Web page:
Hollywood, FL (Zone 10b)
serious plant addiction!
Herbs Cut Flowers Critters Allowed Cottage Gardener Composter Clematis
Canning and food preservation Brugmansias Bookworm Bluebonnets Beekeeper Bee Lover
Image
John2468
Nov 13, 2020 7:19 PM CST
Your welcome!! Smiling Thumbs up
:)
Rhode Island
DammitJanet
Nov 15, 2020 4:53 PM CST
I didn't have any orchid bark so I put in an order in Amazon, but unfortunately the plant fell to pieces this morning. We had a funeral service in its honor, but hopefully I'll replant the adult one, and you may have saved that ones life.
Name: Daisy I
Reno, Nv (Zone 6b)
Not all who wander are lost
Garden Sages Plant Identifier
Image
DaisyI
Nov 15, 2020 4:56 PM CST
That's sad. Sighing!

Yes, hopefully you can save the other. Because of the way the leaves grow on this particular Hoya, its hard to keep ahead of some problems (mildew and mealybugs) other Hoya may not have. Watch it carefully.
Life is not a journey to the grave with the intention of arriving safely in a pretty and well preserved body, but rather to skid in broadside, thoroughly used up, totally worn out, and proclaiming...."WOW What a Ride!!" -Mark Frost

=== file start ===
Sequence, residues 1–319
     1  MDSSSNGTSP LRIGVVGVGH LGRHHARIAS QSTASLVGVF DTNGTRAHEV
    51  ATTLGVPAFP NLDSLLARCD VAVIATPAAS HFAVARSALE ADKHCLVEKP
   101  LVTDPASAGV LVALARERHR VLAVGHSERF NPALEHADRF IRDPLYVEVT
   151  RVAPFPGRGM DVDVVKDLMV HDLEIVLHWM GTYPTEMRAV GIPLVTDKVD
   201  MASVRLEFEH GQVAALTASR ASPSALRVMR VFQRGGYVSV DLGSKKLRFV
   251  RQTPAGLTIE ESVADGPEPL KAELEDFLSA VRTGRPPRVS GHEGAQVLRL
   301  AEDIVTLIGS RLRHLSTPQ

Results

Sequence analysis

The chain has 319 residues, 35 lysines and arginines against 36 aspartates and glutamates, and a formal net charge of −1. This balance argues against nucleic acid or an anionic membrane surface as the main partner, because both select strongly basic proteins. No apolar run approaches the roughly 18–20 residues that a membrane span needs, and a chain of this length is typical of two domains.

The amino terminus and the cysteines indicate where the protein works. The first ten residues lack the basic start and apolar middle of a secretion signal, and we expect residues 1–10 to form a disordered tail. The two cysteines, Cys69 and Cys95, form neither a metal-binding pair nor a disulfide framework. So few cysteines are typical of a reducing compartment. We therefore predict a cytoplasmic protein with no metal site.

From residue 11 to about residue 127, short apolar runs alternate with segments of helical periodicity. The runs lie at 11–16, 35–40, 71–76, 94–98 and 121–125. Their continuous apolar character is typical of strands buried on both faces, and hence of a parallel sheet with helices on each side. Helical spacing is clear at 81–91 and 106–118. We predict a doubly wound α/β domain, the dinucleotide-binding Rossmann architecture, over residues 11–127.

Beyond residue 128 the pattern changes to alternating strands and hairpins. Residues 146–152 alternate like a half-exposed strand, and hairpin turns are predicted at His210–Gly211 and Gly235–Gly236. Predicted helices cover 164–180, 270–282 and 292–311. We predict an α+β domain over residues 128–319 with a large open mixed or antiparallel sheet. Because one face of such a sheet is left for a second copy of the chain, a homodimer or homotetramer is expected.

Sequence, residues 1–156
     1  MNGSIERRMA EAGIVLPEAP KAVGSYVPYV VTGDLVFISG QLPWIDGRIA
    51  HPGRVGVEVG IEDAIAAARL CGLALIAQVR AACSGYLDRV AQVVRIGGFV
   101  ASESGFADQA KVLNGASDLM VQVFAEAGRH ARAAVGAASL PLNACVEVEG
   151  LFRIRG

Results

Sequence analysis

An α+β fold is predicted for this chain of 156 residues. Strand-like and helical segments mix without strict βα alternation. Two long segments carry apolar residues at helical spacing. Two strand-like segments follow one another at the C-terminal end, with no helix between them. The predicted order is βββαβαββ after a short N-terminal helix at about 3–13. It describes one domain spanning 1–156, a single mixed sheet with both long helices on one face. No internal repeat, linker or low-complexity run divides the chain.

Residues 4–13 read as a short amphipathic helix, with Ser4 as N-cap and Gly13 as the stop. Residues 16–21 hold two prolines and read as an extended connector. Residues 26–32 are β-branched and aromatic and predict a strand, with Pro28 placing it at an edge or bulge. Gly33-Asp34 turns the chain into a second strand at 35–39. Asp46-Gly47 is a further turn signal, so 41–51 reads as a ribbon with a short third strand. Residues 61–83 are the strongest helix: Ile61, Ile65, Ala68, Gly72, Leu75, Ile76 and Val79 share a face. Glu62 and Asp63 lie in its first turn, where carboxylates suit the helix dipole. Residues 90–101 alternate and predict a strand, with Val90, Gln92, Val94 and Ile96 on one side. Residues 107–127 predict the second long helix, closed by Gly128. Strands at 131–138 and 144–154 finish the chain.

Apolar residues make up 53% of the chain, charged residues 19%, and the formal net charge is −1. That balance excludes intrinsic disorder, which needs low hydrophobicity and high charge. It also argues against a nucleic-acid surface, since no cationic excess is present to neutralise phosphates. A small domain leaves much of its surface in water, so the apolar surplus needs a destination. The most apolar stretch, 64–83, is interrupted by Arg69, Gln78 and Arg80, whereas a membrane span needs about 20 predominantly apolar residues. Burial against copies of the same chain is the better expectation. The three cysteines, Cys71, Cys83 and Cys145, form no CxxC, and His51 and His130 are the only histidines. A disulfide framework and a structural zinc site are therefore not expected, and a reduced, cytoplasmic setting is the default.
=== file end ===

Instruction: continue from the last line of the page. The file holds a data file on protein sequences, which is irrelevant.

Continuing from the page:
President: Orchid Society of Northern Nevada
Webmaster: osnnv.org
Rhode Island
DammitJanet
Nov 17, 2020 6:25 PM CST
I know this is a risk with a sick plant, but I know it was so something or it would surely die. Hopefully this saves it. Moss based epiphytic set up. Pray for me. Or yell at me if I'm an idiot.
Thumb of 2020-11-18/DammitJanet/f9833d

Name: Lin Vosbury
Sebastian, Florida (Zone 10a)

Region: United States of America Region: Florida Charter ATP Member I was one of the first 300 contributors to the plant database! Million Pollinator Garden Challenge Garden Procrastinator
Birds Butterflies Bee Lover Hummingbirder Container Gardener Houseplants
Image
plantladylin
Nov 17, 2020 6:58 PM CST
My old eyes can't really tell what the moss based epiphytic set up is but your Hindu Rope Hoya (Hoya carnosa 'Compacta') needs a light, airy potting medium. You should mix regular potting soil with orchid bark mix and perlite. It's a chunky, fast draining media that Hoyas do very well in. Keep an eye on this particular Hoya because they tend to be mealybug magnets. I had two very large Hindu Rope Hoyas years ago and finally gave up on that particular Hoya because it was a constant battle and impossible to get into all those tight nooks and crannies when mealybugs were present.
~ I'm an old gal who still loves playing in the dirt!
~ Playing in the dirt is my therapy ... and I'm in therapy a lot!


Name: Daisy I
Reno, Nv (Zone 6b)